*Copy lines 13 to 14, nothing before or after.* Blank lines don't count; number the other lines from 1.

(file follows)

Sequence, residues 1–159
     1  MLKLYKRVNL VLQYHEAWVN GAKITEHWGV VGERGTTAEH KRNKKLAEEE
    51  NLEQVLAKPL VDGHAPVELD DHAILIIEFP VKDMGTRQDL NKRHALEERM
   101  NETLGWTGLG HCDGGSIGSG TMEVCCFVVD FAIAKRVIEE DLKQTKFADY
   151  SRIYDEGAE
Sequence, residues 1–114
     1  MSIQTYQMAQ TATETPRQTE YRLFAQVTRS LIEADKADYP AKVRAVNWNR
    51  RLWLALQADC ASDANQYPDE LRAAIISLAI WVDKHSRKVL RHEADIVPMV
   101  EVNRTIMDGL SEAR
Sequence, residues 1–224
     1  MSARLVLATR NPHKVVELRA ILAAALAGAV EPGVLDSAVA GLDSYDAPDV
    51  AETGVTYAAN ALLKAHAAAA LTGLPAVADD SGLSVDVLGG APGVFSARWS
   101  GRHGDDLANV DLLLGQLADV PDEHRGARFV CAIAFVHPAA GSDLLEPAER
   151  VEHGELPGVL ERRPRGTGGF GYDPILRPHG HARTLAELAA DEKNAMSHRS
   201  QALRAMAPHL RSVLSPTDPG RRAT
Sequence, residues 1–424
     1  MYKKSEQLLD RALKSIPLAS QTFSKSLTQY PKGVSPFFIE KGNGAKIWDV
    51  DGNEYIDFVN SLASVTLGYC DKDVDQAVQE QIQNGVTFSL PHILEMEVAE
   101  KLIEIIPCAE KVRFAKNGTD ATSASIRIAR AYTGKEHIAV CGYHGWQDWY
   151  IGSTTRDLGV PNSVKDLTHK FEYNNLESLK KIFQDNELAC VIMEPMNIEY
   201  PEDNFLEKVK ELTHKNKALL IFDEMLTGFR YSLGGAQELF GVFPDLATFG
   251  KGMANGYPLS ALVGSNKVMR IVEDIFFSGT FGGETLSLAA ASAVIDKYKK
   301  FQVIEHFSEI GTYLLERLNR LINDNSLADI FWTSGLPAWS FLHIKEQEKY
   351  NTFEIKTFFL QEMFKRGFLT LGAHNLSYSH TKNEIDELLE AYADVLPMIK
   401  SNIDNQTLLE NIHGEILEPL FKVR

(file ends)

   101  GRHGDDLANV DLLLGQLADV PDEHRGARFV CAIAFVHPAA GSDLLEPAER
   151  VEHGELPGVL ERRPRGTGGF GYDPILRPHG HARTLAELAA DEKNAMSHRS